December 2, 2021

“This is the 30th Green500,” said Wu Feng, custodian of the Green500 list, at the list’s SC21 birds-of-a-feather session. “You could say 15 years of Green500, which makes it, I guess, the crystal anniversary.” Indeed, HPCwire marked the 15th anniversary of the Green500 – which ranks supercomputers by flops-per-watt, rather than just by flops – earlier this year with... Read more…

Nvidia Dominates Latest MLPerf Results but Competitors Start Speaking Up

December 1, 2021

MLCommons today released its fifth round of MLPerf training benchmark results with Nvidia GPUs again dominating. That said, a few other AI accelerator companies Read more…

At SC21, Experts Ask: Can Fast HPC Be Green?

November 30, 2021

HPC is entering a new era: exascale is (somewhat) officially here, but Moore’s law is ending. Power consumption and other sustainability concerns loom over the enormous systems and chips of this new epoch, for both cost and compliance reasons. Reconciling the need to continue the supercomputer scale-up while reducing HPC’s environmental impacts... Read more…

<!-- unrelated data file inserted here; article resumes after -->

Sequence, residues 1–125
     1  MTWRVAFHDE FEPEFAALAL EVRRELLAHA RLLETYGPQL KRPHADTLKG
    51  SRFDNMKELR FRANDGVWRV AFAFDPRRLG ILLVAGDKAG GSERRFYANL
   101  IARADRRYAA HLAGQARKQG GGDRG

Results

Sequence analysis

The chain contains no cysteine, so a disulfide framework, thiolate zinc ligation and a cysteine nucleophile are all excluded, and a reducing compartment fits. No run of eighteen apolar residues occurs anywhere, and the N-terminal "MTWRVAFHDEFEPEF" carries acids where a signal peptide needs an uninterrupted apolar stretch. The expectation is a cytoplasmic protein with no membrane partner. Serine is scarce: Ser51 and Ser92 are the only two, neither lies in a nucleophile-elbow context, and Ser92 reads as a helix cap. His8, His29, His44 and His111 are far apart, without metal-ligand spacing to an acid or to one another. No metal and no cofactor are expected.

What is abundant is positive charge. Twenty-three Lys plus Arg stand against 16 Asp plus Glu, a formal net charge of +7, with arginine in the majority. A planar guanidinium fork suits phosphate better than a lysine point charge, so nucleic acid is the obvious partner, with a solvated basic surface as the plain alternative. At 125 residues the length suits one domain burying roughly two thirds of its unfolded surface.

Raja Koduri and Satoshi Matsuoka Discuss the Future of HPC at SC21

November 29, 2021

HPCwire's Managing Editor sits down with Intel's Raja Koduri and Riken's Satoshi Matsuoka in St. Louis for an off-the-cuff conversation about their SC21 experience, what comes after exascale and why they are collaborating. Koduri, senior vice president and general manager of Intel's accelerated computing systems and graphics (AXG) group, leads the team... Read more…

Jack Dongarra on SC21, the Top500 and His Retirement Plans

November 29, 2021

HPCwire's Managing Editor sits down with Jack Dongarra, Top500 co-founder and Distinguished Professor at the University of Tennessee, during SC21 in St. Louis to discuss the 2021 Top500 list, the outlook for global exascale computing, and what exactly is going on in that Viking helmet photo. Read more…